Vietnam has threatened to shut down Facebook in the country, if the social media giant refuses to bow to government pressure and censor more political content on its platform.
That's according to a senior official at the company, which has faced mounting pressure from governments over its content policies.
But it's also faced criticism from rights groups for being too compliant with government censorship requests.
Vietnam's ruling Communist Party retains tight control of the media in its country, despite opening up to more social change.
Facebook's local servers in Vietnam were taken offline early this year until it complied with the government's demands.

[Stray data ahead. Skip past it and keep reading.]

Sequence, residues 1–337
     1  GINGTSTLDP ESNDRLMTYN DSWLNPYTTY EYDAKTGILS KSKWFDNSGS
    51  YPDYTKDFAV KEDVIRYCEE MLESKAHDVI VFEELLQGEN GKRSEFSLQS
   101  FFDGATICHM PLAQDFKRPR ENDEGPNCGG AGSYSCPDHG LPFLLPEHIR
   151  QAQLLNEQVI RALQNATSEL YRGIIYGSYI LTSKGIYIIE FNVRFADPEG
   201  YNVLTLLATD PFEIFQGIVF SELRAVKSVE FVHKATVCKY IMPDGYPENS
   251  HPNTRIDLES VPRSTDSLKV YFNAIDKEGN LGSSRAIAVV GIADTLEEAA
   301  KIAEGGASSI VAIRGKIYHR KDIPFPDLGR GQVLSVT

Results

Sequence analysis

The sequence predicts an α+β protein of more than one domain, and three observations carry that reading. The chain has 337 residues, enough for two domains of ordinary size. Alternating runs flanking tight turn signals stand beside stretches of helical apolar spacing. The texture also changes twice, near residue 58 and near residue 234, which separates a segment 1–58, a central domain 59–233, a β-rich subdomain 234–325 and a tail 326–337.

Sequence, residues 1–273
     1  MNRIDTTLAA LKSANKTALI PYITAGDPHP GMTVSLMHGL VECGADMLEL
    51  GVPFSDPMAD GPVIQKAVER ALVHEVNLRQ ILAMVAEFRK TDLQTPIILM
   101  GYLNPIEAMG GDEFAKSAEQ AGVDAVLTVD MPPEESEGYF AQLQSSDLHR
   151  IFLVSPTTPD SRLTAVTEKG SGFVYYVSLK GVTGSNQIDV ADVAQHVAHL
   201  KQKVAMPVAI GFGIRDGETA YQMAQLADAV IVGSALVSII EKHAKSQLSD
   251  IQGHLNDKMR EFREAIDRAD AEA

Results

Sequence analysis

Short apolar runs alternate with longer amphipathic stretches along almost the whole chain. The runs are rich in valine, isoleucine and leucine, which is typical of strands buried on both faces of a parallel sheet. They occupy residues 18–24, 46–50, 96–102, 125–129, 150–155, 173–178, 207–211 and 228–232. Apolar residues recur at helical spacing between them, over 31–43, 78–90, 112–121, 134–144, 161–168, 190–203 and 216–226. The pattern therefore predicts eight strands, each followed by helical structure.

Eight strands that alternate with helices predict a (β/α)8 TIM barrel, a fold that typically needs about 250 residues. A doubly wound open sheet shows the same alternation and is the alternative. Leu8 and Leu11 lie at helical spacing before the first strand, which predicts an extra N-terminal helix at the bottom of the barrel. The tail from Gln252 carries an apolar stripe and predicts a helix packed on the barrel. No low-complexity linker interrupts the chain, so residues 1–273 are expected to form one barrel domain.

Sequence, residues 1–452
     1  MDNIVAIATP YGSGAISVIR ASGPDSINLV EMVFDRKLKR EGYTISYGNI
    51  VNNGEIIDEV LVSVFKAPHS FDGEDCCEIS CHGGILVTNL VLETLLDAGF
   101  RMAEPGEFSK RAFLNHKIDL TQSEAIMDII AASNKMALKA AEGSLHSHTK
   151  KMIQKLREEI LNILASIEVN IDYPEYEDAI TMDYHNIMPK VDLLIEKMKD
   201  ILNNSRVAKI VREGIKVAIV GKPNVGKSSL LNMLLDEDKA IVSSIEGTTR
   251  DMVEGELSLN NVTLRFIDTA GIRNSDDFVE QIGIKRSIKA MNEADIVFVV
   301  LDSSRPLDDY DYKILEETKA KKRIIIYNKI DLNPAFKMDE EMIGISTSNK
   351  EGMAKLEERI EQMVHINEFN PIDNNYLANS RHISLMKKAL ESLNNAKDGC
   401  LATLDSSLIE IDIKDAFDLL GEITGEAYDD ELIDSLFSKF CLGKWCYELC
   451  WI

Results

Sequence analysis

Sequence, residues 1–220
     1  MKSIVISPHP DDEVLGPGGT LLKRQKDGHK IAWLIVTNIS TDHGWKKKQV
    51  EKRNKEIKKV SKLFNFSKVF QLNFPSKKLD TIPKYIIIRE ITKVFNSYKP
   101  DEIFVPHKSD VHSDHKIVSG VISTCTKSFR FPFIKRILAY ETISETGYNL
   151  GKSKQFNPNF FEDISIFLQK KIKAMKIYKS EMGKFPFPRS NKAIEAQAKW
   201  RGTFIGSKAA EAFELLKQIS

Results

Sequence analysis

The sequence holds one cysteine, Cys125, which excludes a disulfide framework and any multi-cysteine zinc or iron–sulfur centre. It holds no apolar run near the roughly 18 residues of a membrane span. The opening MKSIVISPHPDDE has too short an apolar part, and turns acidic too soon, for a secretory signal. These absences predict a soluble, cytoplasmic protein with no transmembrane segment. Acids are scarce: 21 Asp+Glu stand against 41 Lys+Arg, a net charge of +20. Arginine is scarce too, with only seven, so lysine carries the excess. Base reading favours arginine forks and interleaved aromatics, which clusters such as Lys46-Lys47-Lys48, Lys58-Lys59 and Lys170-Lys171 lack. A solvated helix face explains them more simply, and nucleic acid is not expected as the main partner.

The official told Reuters the company complied with a government request in April to increase censorship of "anti-state" posts for some 60 million Vietnamese users.
It then asked the company to step up its restrictions again in August, which the official says Facebook refused.
Vietnam is a major market for Facebook, where it generates revenue amounting to nearly a billion dollars.
The platform is also a source of scrutiny for the Vietnamese government, as the country's main site for both e-commerce and expressions of political dissent.
Vietnam has tried to launch home-grown social media networks to compete with Facebook, with little success.
Amnesty International said the fact Facebook had not yet been banned despite defying the Vietnamese government's threats showed the company could do more to resist, adding that "Facebook are prioritising profits in Vietnam, and failing to respect human rights."
The country ranks fifth from the bottom in a global ranking of press freedom compiled by Reporters Without Borders.